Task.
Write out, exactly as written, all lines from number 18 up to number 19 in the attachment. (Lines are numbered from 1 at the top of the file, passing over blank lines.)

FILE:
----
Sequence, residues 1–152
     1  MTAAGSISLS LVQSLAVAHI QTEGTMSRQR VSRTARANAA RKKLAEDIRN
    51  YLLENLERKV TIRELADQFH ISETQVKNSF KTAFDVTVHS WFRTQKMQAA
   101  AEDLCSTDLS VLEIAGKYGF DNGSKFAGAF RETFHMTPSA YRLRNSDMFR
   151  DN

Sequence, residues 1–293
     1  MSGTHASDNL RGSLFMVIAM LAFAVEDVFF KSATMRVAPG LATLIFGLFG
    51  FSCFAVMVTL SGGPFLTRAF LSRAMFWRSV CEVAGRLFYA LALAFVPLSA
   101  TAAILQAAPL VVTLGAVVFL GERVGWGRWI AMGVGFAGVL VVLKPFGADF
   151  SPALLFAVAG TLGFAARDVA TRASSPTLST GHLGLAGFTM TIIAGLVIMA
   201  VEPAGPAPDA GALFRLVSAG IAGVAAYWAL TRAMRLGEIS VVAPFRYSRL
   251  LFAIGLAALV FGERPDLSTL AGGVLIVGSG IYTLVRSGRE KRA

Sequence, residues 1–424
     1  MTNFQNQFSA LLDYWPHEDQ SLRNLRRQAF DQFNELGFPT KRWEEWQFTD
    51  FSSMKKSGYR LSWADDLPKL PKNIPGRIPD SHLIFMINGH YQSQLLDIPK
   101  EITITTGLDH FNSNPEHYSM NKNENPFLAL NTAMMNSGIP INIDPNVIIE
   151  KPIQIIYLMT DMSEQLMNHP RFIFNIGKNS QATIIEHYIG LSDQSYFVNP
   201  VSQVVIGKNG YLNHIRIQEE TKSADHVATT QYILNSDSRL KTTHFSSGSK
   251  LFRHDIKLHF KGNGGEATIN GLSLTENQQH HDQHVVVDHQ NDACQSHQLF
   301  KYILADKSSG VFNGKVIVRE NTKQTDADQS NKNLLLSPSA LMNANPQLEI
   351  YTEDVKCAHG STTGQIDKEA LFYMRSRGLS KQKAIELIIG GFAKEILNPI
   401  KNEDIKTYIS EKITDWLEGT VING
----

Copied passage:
   201  VSQVVIGKNG YLNHIRIQEE TKSADHVATT QYILNSDSRL KTTHFSSGSK
   251  LFRHDIKLHF KGNGGEATIN GLSLTENQQH HDQHVVVDHQ NDACQSHQLF